Dole Agrees to Murdock Buyout
Dole Food Co.'s board of directors in August agreed to be taken private by Chairman/CEO David Murdock for $13.50 in cash per share, valuing the total company at approximately $1.6 billion.
The price represents an increase of $1.50 per share from the original proposal Murdock delivered to the Westlake Village, Calif., produce firm on June 10 and a premium of 32 percent over the $10.20 per share price of the stock immediately prior to that proposal. It includes the assumption of debt.
The agreement was the unanimous recommendation of a special committee of independent and disinterested directors.
The transaction will be financed through a combination of cash and equity contributed by Murdock, as well as bank financing, and remains subject to regulatory and shareholder approvals.
The deal provides for a “go-shop” period of 30 days, during which the special committee will solicit and evaluate other proposals. The transaction is expected to close during the fourth quarter of 2013.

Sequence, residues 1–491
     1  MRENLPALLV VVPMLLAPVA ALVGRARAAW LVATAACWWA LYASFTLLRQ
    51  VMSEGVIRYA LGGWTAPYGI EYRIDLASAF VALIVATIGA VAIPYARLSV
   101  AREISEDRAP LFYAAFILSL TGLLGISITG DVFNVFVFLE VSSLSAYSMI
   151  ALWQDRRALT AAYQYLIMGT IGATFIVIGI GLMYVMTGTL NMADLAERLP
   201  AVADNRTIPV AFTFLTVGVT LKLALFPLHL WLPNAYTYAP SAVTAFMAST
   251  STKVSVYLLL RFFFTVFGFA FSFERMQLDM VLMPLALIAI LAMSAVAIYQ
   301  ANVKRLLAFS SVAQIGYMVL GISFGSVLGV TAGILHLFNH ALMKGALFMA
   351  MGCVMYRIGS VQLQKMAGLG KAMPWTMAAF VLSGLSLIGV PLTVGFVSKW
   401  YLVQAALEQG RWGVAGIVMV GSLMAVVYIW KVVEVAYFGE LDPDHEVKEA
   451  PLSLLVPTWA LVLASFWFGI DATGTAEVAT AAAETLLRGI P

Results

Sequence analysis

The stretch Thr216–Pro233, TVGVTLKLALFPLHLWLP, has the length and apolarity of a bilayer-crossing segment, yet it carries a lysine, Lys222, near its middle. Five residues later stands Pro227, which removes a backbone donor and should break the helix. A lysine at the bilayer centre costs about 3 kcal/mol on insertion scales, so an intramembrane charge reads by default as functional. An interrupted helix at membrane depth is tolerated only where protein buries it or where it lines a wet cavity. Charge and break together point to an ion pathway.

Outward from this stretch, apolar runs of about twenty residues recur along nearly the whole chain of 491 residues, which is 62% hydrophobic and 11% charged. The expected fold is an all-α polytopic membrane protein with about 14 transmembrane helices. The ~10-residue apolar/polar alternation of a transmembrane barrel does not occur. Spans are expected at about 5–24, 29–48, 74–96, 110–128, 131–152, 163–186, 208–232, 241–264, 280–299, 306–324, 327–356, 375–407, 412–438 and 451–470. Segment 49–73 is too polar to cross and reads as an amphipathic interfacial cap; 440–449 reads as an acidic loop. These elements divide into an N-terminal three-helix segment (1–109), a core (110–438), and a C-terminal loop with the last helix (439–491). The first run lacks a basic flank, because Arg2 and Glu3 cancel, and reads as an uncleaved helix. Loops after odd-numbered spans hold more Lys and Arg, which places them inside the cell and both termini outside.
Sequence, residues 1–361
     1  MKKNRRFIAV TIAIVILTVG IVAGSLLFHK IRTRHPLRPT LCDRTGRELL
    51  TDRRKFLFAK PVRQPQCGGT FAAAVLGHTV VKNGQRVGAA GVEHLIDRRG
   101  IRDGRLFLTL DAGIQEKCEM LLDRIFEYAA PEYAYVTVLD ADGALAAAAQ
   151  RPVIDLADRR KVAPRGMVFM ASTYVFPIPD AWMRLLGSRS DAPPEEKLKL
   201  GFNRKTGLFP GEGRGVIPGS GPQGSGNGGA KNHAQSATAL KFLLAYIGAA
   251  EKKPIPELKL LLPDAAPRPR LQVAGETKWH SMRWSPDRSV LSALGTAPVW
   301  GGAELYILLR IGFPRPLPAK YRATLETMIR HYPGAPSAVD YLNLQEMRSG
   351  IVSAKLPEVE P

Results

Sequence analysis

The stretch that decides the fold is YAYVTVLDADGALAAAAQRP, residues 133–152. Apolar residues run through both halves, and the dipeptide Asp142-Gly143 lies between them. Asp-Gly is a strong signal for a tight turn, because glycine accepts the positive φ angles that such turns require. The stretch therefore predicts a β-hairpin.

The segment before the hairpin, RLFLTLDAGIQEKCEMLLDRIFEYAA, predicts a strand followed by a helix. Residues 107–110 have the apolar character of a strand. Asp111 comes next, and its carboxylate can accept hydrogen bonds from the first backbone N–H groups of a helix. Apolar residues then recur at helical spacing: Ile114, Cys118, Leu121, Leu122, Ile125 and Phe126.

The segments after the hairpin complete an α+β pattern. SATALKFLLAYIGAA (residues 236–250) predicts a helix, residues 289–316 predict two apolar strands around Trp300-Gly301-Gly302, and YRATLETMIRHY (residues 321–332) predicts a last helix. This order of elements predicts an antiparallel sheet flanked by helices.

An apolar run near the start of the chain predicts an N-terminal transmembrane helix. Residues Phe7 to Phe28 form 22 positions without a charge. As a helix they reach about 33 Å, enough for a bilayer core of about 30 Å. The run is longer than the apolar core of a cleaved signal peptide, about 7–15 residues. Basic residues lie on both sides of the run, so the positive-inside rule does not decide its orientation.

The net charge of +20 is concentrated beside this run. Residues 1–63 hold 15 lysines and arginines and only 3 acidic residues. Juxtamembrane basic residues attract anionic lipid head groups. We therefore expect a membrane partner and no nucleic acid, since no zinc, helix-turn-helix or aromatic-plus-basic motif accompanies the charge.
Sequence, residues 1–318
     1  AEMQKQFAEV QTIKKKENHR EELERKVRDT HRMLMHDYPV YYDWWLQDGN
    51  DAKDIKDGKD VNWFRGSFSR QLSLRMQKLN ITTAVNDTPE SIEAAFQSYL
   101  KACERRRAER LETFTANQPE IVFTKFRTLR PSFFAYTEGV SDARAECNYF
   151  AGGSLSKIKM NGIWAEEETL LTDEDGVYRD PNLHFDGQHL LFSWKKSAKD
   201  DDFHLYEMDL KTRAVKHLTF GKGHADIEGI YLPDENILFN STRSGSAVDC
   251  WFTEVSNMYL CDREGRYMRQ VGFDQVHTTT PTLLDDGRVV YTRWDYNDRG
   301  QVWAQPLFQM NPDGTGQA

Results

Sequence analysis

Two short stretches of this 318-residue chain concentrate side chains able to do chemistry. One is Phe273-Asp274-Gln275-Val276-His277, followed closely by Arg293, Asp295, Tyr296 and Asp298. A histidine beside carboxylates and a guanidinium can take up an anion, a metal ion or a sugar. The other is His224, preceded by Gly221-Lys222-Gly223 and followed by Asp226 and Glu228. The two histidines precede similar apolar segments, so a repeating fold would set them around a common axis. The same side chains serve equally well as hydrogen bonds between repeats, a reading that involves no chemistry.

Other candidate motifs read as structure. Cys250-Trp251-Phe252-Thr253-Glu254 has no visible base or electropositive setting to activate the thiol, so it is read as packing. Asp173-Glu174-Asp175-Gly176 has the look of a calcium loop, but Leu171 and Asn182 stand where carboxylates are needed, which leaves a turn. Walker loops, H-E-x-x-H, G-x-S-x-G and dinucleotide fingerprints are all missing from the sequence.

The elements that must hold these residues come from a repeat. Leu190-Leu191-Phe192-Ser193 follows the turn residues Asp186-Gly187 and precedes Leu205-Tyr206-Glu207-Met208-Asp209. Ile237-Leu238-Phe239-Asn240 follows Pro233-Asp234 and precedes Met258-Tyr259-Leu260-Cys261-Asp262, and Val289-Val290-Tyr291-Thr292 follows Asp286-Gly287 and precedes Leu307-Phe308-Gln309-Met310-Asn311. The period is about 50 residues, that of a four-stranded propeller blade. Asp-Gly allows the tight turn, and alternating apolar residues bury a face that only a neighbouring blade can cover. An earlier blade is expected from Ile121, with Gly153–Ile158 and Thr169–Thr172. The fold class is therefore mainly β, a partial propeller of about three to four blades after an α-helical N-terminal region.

Murdock and his family already own 39.5 percent of the stock. He also took Dole private in 2003, when he held 24 percent of the company's stock and paid $33.50 a share, or $1.4 billion, for the remainder, while also assuming about $1 billion in debt, reports the Los Angeles Times.
In 2009, he took the company public in its second initial public offering. Since then, the company has had difficulties. In 2012, Dole’s continuing operations reported sales of $4.2 billion, down 11 percent from the prior year. And this April, the company sold its global packaged foods and Asia fresh foods businesses to Japanese firm Itochu Corp. for nearly $1.7 billion. The divisions represented a third of Dole's revenue and more than half of its operating income.
Murdock, who had served as chief executive from July 1985 through June 2007, was reinstated after David DeLorenzo stepped down from the post to help Itochu run its new businesses.